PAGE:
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    Second issue - what industry is this? If you're both "web designers" or something, you're skills are not really hourly-based. – Fattie Nov 13 '17 at 13:42
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    "I don't want to cause any sort of conflict" - You can't accuse your coworker of being lazy and/or not caring about her job without causing conflict (unless you just mean you don't want to be directly involved in the conflict you cause). – Dukeling Nov 13 '17 at 13:42
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    Stay away from this. The only thing you can gain is being labelled as snitch and ostracised from the rest of the group. If Sarah is performing below expectations, your boss will deal with this. If you can't complete your job due to waiting for Sarah, escalate that and focus only on that. If it doesn't affect you in any way, realize that there is more to work than only putting exact number of hours required by contract. – Mirosław Zalewski Nov 13 '17 at 13:58
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    @Skeletron It seems to me that the line in bold in the accepted answer to that question adequately addresses your query. "It is your manager's job to manage." If Sarah is working only 4 hours while she is billing 8 hours, then either she is super-efficient or the client is incredibly stupid to not ask your manager for an explanation as to why they are not getting the desired output. Either way, it seems your manager has it under control. Don't go stirring the pot and looking for trouble. It is not your problem. – Masked Man Nov 13 '17 at 17:54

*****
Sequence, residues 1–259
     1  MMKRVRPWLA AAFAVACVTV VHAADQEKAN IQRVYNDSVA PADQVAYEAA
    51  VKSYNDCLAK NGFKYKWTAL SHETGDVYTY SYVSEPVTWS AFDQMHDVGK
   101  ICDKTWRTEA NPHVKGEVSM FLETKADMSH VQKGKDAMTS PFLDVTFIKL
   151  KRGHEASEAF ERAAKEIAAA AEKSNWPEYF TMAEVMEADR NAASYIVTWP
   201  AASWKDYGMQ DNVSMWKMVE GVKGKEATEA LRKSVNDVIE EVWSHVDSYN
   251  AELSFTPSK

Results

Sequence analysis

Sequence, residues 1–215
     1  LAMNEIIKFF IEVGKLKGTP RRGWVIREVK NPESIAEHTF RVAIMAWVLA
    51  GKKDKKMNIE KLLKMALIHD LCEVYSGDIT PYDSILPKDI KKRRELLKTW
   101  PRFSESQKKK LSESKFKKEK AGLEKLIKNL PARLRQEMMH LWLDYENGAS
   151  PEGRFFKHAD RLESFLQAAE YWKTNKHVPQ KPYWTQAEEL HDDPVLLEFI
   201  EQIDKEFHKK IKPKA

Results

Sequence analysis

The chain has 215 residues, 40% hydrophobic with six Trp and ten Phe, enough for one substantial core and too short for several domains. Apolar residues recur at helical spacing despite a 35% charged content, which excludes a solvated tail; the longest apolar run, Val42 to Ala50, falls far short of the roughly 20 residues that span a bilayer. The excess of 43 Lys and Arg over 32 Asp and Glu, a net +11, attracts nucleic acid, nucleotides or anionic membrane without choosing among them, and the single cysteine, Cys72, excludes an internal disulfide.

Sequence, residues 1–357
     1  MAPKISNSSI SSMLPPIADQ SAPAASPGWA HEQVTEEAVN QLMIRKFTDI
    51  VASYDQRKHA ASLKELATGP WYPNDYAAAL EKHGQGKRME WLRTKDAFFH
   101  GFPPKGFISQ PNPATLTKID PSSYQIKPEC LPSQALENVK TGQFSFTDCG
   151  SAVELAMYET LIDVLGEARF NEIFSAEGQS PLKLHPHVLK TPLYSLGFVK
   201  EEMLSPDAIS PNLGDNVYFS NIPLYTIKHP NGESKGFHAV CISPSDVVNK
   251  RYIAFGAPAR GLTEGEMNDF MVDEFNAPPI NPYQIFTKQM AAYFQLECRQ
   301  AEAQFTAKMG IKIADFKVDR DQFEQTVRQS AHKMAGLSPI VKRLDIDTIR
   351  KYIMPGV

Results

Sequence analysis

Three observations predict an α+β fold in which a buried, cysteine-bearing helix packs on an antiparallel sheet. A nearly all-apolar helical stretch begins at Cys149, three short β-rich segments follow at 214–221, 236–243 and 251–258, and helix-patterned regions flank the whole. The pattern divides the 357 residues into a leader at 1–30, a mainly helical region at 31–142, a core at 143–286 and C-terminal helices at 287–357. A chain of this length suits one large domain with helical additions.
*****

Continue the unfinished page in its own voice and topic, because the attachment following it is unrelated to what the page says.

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I feel as though this is completely wrong, but am very unsure of how to approach my line manager about this behaviour without sounding petty/without Sarah overhearing; I don't want to cause any sort of conflict, as I do have to work with this person on a daily basis. Is this my place to speak up or should I hope that our line manager will notice? How would I go about speaking to my line manager about this?

You are not Sarah's boss. Sarah has a manager and you aren't it. It is not your place to manage others, and thus not your place to speak up.

Speaking up will certainly cause conflict with Sarah. It may cause conflict with others on your team, and even with the manager. Snitches aren't well liked by anyone and are certainly not trusted.

And if you choose to talk about who isn't doing their job according to your standards, you had better first make sure that everything you do is 100% by the books. If not, you should expect retaliation the first time you slip up at all.

You do your job. Let the line manager do their job.

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    Given the added context of "engineering consultancy", there's the possibility of OP getting pulled into it due to bad performance for the whole team of people working at the client's side. It's a different situation than a client paying for a project; here, the client is paying for actual (wo-)man power. – pmf Nov 13 '17 at 14:42
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    I'd also add that managers are (usually) aware of a great deal more than they let on. Some are conflict avoidant, and some (like me) leave "gentle hints" to employees that are going off the rails so that we don't end up with a legal situation if we don't need it. – Wesley Long Nov 14 '17 at 3:02